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NYC Branded Lifestyle Portrait Photographer | This is where I share with thought leaders and other high-level entrepreneurs how to present themselves powerfully, purposefully and authentically in their image content on their websites, social platforms and sales vehicles.

received a bazillion photos from your photographer? here's what to do next.

As I mentioned in the previous article, creating content is an arduous process that can oftentimes become an overwhelming chore that leaves you deflated and stuck at the starting line.  

However, once you generate a series of individual, personal and professional stories that define your business and brand, a huge amount of legwork is complete.

Now, it’s time to factor the photos into the equation — that massive and unorganized pile of photos dumped into a single folder on your desktop.

Good news, the images are all in one place, which is a great start.  Bad news, having them listed in chronological order does little to alleviate your anxiety about figuring out how to use these damn things.

One of the best ways to get over that hump and eliminate the constant search for the needle in the haystack is to first organize your images in a logical way that optimizes your creative process.  

To illustrate how important this step is in order to progress your workflow, I want to talk a little bit about my friend, the emoji.  When I want to pick a specific emoji for a given text message, email or social post, no problem, I just thumb through several, highly organized and logically sorted galleries on my phone that make the selection process easy breezy.  

Now, imagine thumbing through all of those same emojis but the organization was gone and they were slapped together randomly? That would suck, wouldn’t it?  It would take quite some time or a lot of luck to find the one you want.  This scenario might actually, god forbid, inspire me to want to abandon using emojis altogether and, gasp - use real words again!

This type of disorganization is exactly what you are dealing with reguarding your branded portrait, image library. No wonder it's very easy to become distracted and frustrated with the posting process.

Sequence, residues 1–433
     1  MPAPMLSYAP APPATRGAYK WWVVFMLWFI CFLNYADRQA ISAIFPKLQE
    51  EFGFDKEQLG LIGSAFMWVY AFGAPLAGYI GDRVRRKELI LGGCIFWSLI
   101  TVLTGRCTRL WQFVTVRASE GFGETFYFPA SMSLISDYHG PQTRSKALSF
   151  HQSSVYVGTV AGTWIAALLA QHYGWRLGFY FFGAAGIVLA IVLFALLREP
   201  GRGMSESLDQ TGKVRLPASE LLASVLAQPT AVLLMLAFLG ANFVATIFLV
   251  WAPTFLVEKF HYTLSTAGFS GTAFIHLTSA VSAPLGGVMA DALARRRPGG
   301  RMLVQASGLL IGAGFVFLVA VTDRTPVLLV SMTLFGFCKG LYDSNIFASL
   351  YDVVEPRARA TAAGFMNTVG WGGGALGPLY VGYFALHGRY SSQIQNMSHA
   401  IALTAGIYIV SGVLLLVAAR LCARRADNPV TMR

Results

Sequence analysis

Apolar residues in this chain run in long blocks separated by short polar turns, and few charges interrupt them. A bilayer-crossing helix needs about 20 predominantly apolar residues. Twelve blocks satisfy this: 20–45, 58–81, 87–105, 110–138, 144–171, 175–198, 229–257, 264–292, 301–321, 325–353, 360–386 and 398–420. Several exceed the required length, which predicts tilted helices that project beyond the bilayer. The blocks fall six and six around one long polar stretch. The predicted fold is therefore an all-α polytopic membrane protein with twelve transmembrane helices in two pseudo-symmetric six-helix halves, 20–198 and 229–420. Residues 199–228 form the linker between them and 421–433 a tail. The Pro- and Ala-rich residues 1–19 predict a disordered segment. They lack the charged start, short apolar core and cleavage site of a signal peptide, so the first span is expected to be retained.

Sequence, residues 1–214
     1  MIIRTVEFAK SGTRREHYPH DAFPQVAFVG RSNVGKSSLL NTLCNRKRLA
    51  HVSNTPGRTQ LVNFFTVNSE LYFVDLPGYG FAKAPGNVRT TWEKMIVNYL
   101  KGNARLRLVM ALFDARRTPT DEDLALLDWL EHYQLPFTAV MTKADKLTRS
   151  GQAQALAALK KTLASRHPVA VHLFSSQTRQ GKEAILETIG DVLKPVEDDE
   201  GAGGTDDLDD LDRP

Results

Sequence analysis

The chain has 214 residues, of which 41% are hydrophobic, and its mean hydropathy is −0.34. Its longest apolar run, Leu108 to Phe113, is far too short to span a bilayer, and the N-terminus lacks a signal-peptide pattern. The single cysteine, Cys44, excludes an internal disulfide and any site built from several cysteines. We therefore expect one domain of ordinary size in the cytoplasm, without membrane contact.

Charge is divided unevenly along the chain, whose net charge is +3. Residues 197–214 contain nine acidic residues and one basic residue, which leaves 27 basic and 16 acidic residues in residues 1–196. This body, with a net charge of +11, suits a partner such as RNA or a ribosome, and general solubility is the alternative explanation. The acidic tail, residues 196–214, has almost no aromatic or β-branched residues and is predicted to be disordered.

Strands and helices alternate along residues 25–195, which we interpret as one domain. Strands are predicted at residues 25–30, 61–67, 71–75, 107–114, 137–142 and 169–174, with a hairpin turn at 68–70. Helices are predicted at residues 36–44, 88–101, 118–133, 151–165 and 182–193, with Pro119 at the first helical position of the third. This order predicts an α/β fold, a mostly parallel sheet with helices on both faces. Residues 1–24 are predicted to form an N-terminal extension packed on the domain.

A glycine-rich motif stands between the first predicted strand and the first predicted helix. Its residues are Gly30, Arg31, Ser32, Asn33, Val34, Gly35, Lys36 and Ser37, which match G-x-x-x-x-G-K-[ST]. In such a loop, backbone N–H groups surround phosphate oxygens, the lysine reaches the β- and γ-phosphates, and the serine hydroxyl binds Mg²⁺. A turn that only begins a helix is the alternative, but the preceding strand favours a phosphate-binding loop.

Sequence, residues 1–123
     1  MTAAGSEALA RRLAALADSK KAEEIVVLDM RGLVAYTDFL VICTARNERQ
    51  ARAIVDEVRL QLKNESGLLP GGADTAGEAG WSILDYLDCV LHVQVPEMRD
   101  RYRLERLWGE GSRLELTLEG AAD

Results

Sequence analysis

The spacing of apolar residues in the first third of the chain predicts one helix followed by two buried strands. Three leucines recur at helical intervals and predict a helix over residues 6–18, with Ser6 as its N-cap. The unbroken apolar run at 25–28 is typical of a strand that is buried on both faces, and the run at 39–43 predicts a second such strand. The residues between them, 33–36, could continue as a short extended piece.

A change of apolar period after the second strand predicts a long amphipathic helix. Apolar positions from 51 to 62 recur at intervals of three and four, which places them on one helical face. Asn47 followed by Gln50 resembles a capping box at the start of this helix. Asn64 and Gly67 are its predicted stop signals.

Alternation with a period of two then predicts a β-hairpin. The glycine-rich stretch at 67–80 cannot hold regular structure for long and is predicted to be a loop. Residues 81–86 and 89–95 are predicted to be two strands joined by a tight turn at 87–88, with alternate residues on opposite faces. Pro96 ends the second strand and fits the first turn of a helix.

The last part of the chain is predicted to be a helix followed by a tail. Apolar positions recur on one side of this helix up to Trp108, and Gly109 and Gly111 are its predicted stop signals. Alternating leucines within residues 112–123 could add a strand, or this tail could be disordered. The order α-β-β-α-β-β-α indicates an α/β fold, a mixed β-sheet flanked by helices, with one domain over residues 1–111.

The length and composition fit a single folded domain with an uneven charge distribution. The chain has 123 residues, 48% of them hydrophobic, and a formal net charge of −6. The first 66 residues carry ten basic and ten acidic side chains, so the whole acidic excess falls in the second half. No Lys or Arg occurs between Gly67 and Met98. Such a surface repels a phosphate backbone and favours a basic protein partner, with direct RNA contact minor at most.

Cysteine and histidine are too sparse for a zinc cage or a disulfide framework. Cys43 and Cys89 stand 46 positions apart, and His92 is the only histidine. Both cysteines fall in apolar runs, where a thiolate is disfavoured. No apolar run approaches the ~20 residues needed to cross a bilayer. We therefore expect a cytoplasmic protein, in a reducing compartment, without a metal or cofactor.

How about considering this alternative for a moment:

Since your stories can be categoized by the mood and tone of the message, you can subsequently organize your branded, image content based on the different moods emoted in each portrait, thus, creating a much more streamlined and logical process when it comes time to create some content magic!

CATEGORIZE YOUR BRANDED PORTRAITS

Although I suggest you name the specific folders in whatever way that makes most sense to you, here’s some suggestions to get the ball rolling:

  • Confident
  • Silly
  • Pleasant/Warm
  • Laughing Candidly
  • Reflective
  • Inquisitive
  • Concerned
  • Inspired
  • Silly
  • Pissed off
  • Motivating

By creating several subfolders in your image library that logically separates your portraits by the mood of the image,  you will now be able to easily mix and match these portraits with specific stories and decide which combinations are most impactful.  

 

Less time finding the image you want equates to more time being spent on how to present this post, meaning whether you opt to overlay the text onto the image, or simply caption the image.

DON’T FORGET THE OTHER STUFF, TOO

Not all of the images in your branded, lifestyle portrait library will be portraits of just you, so those additional images need to be categorized, as well.

  • Technology images (alone - computer, tablet, laptop, monitor, etc.)
  • Technology images (you working on computer, tablet and laptop)
  • Books/Text/Journal images that inspire/motivate/optimize your business
  • Special “Prop” images (objects that represent either metaphorical or literal significance to your brand, business and life)

These folder are especially important because the vast majority of these images have been created with a very specific story in mind, so, separating these shots from the herd will truly expedite the content creation process.